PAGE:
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Learning Curve, Part One
Review By Arsenal, Media by Stu

Episode #5 - Learning Curve, Part One
Original Airdate February 14th 1998

The Surfer's quest for knowledge of Zenn-La takes him to the Universal Library, the repository of all the knowledge of the Watchers. But there's a lot more trouble here than just a few overdue books.

Written By: Larry Brody, Andrea Lawrence
Directed By: Norm Spencer
Music Composed By: Shuki Levy and Kussa Mahchi

Review: “Silver Surfer” is heavily influenced by Kirby imagery—the costumes, the gadgets, the portrayal of space. All of it is indebted to Kirby. That is an asset and a detriment. Kirby homage crackles with energy but does not necessarily move well. Often his character designs and backgrounds are too complex to allow the eye to focus comfortably. It becomes overwhelming and requires simplification.

Also, Surfer used some of the first computer animation on television. At the time, it was revolutionary; but it meshes with the traditionally animated elements poorly. In general, spaceships and Galactus jar when juxtaposed with the hand-drawn characters.

Consequently the animation, much like the scripts, tends to aim high but fall short of the goal. It is rough and lacks timing. Pacing rushes or drags at inopportune times. For example, Surfer tells Kip he can be calm too soon after attacking him. Surfer has no moment of epiphany where he realizes he’s watching the wrong person.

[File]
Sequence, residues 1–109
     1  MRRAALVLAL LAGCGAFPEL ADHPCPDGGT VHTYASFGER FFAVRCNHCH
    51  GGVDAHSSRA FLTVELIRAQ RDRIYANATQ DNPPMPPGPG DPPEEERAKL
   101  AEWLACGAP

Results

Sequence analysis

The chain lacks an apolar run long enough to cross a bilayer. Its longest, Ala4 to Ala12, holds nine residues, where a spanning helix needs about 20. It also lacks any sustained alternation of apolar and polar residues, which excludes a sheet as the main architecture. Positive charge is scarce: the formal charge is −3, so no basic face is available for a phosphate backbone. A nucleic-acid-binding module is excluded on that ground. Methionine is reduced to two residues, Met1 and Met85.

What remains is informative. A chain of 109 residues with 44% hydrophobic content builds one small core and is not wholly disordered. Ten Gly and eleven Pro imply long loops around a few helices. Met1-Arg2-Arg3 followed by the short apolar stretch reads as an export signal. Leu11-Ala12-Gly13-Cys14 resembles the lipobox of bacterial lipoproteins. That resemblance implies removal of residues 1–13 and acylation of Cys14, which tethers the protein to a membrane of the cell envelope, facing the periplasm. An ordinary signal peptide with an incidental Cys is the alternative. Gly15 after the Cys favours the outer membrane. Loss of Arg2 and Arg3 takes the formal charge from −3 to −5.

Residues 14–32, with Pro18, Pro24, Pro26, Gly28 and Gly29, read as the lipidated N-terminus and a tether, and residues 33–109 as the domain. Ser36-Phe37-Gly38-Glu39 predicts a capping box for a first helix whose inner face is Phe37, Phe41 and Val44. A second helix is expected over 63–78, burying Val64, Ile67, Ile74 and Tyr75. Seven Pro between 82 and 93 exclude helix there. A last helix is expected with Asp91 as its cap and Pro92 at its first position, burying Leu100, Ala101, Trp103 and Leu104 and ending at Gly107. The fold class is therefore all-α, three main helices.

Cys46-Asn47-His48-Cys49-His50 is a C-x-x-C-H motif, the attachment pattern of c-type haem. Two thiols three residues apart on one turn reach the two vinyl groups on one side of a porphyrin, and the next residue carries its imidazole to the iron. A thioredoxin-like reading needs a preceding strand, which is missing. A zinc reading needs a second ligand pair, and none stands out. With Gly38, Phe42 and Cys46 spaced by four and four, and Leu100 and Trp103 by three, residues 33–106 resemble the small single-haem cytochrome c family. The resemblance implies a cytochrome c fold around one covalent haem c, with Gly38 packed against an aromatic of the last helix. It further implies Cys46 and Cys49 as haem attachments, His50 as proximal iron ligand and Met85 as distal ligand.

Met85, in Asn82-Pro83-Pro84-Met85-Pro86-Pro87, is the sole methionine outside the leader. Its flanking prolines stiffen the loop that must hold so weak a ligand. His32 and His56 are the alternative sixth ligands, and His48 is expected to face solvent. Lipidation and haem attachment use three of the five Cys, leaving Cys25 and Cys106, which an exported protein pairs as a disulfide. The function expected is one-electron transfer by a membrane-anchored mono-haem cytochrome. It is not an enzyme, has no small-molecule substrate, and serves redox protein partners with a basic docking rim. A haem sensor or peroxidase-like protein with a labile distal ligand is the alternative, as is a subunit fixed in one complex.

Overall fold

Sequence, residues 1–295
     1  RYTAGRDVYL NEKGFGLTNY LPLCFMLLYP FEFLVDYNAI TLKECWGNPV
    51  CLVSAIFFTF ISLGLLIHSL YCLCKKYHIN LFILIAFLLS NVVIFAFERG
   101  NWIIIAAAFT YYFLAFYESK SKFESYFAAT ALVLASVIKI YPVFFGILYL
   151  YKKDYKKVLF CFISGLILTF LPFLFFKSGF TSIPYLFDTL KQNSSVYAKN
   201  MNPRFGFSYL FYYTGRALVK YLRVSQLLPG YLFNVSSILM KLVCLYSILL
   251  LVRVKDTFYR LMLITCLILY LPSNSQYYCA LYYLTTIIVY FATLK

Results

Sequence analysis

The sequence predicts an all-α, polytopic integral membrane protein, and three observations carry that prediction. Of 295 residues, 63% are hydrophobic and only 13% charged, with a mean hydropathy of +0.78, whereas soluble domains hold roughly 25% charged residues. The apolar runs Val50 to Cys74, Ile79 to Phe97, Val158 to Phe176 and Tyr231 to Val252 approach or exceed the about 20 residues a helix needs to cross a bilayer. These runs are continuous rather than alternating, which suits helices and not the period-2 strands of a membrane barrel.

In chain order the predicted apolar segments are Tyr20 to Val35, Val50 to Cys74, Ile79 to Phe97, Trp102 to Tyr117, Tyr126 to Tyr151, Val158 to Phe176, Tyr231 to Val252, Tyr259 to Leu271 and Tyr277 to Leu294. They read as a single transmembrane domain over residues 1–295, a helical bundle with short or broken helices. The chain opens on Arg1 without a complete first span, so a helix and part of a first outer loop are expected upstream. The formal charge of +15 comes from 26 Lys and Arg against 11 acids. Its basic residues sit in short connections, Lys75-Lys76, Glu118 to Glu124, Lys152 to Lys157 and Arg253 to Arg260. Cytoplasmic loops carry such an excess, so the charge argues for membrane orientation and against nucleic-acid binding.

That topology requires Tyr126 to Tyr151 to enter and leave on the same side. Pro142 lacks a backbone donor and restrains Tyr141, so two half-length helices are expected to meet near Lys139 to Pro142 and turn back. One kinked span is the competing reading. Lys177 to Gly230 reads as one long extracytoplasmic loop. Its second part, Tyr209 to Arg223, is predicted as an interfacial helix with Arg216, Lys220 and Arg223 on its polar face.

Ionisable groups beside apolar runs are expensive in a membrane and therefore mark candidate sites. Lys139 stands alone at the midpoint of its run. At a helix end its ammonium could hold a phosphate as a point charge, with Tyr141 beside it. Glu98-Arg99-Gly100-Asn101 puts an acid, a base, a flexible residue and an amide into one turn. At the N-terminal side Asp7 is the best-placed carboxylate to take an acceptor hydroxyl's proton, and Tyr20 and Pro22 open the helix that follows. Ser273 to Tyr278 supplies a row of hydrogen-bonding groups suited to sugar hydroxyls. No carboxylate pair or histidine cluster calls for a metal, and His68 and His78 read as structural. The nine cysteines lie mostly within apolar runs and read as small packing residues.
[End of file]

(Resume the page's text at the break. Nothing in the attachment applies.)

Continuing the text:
Storywise, this script sets up a storyline that is almost as audacious as the Surfer’s origin. Surfer, Kip (the unfunny comic relief), Drax the Destroyer (the obligatory android) and Mentor (who is as geeky as his name implies) set out to find the home world of the Watchers, the Universal Library.

Meanwhile, more cameos are shoved in. In addition to the aforementioned Drax and Mentor, Nebula makes her debut. (We also get a cameo as the Richard Ryder Nova is a nonspeaking member of her crew.) Oatu, Eternity and Infinity also vie for screen time.

Characters and plot lines fight for attention but nothing fascinates. The story idea is a good one, but the characters are not interesting enough to care about. Surfer’s self-involved monologues are much less interesting than Spidey’s quips. The stilted dialogue doesn’t help anyone either.

Half of the characters speak in Shakespearean dialect (Mentor, Surfer, Thanos). The other half talk like groundlings (Nova, Kip). Neither connects with the audience. Some happy medium needs to be struck.

Maybe that’s why Nebula is easily the most interesting thing on the screen this episode. She menaces, she swaggers, and she doesn’t speak like Victorian nobility.

Rough animation and a stilted script hamper an interesting story. This holds true not just for this episode but most of the series.